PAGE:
- Barstool Sports founder under investigation for anti-union tweets 5 Years Ago
- Harmony Korine’s ‘The Beach Bum’ is now streaming on Hulu Today 12:19 PM
- How an Instagram feud led to the death of 9-year-old girl Today 11:08 AM
- A scarier ‘The Haunting of Hill House’ extended director’s cut is coming to Blu-ray Today 9:15 AM
- The 9 best podcasts for kids that entertain and educate Today 8:00 AM
- Swipe This! Why does my BFF get more likes on Instagram than me? Today 6:00 AM
- The 25 Tom Cruise movies that are essential viewing Today 6:00 AM
- No, that guy didn’t really fly alone on a Delta flight Saturday 4:31 PM
- Fans are paying to meet their favorite YouTubers online through pilot program Saturday 2:54 PM
- Behold: 12 straight hours of ‘Stranger Things” Alexei drinking a Slurpee Saturday 2:05 PM
- Influencer couple under fire for using holy water to splash genitals in Bali Saturday 1:29 PM
- These are the 10 best villains DC comics has ever conceived Saturday 1:11 PM
- The Daily Wire accused of stealing art design from pop artist for its merchandise Saturday 12:09 PM
- Instagram model Rianne Meijer on keeping it real with her followers Saturday 10:52 AM
- How to stream Chelsea vs. Leicester City Saturday 8:30 AM
Charlie Hebdo attack sparks wave of offensive Muhammad drawings
Pretty sure Muhammad wouldn’t be happy about anything that happened today.
For many people, there’s only one real way to respond after alleged Muslim extremists kill a dozen people at the satirical Charlie Hedbo newspaper, possibly for drawing caricatures of the Prophet Muhammad.
Draw him again. And again. As offensively as possible.
That’s been the response on Reddit’s r/drawmuhammad, a subreddit created two years ago that only had two postings before Wednesday’s attacks. But now, it’s filled with dozens of drawings of Islam’s founding figure. Like here, at a disco.
In most Muslim understanding, drawing Muhammad at all is considered an offensive practice. That’s something that Charlie Hedbo knew all too well, as it deliberately, repeatedly included Muhammad and Muslims among its many caricatured figures, even after being firebombed for a picture in 2011. In fact, in one of the final cartoons published by editor Stéphane Charbonnier, who was killed in the attacks, a Muslim militant promises he has until the end of January to carry out a terrorist attack.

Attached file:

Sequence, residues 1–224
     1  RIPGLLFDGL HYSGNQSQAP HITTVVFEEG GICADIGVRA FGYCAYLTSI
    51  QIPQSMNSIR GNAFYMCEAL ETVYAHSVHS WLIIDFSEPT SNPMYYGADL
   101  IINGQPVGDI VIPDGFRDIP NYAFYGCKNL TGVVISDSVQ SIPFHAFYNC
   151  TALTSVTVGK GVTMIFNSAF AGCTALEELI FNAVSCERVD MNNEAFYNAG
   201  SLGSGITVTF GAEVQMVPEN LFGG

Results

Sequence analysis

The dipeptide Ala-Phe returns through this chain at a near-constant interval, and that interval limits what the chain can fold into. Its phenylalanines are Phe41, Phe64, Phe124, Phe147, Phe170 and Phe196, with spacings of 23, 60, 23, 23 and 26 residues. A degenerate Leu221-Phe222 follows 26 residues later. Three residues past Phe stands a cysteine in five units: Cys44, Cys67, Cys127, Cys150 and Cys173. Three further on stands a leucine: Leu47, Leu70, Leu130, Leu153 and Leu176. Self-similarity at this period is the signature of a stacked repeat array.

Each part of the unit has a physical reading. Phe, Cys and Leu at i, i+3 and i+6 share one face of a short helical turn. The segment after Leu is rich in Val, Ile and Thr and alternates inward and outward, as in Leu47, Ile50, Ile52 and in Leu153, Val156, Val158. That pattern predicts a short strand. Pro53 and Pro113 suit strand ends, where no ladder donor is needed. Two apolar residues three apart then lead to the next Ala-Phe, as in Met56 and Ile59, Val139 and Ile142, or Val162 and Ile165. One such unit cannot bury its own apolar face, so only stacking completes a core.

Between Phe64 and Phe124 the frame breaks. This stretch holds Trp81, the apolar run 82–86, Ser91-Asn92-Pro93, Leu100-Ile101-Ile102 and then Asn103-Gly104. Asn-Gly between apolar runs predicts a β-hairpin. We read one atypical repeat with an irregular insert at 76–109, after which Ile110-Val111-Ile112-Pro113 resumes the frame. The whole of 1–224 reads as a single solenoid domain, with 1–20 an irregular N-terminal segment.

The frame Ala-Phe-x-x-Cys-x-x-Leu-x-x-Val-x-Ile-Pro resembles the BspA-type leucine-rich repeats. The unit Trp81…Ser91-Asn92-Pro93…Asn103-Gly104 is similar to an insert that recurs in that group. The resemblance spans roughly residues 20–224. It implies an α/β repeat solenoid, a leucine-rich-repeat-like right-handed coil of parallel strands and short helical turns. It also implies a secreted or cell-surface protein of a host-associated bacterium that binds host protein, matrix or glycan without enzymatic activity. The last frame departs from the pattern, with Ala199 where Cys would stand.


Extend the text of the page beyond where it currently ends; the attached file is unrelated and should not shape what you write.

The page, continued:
That, however, is extremely tame compared to what the Internet’s putting together on its hodgepodge wall of deliberate blasphemy. There’s a lot of reference to Muhammad having sex with his wife Aisha, who according to some interpretations, was a child at the time. There’s a lot more reference to him having sex with a pig, likely a nod to Islam’s prohibition on eating pork.
They get more creative. There’s an image of Muhammad as a pink unicorn with a penis for a horn, who poops rainbows. Muhammad cross-dressing. Muhammad with penises for hands and feet. Muhammad fellating Satan. Muhammad being peed on. Muhammad having sex with a goat. Muhammad with boobs. Muhammad in a three-way with a pig and Facebook founder Mark Zuckerberg, or with a horse and Justin Beiber. Muhammad as a sort of… gay suicide bomber who might be in the Navy?
Many users ask the question: What, exactly, constitutes a picture of Muhammad? We don’t have much idea of what he looked like, especially because of that whole centuries-long ban on depicting him. What if you just draw the most generic human figure possible, and label him Muhammad?
And as was inevitable, many users remix Muhammad with existing popular Internet images. He becomes the dickbutt meme, suicide-bombing a package of bacon and the site Pornhub. He poops into his own mouth, a visual reference to the old Internet shock-image tubgirl. He becomes a happy pug, and an anime character.
One thing’s for sure: The actual Muhammad wouldn’t be happy with anything that happened today.
Photo via taylor.a/Flickr (CC BY 2.0) | Remix by Fernando Alfonso III
A former senior politics reporter for the Daily Dot, Kevin Collier focuses on privacy, cybersecurity, and issues of importance to the open internet. Since leaving the Daily Dot in March 2016, he has served as a reporter for Vocativ and a cybersecurity correspondent for BuzzFeed.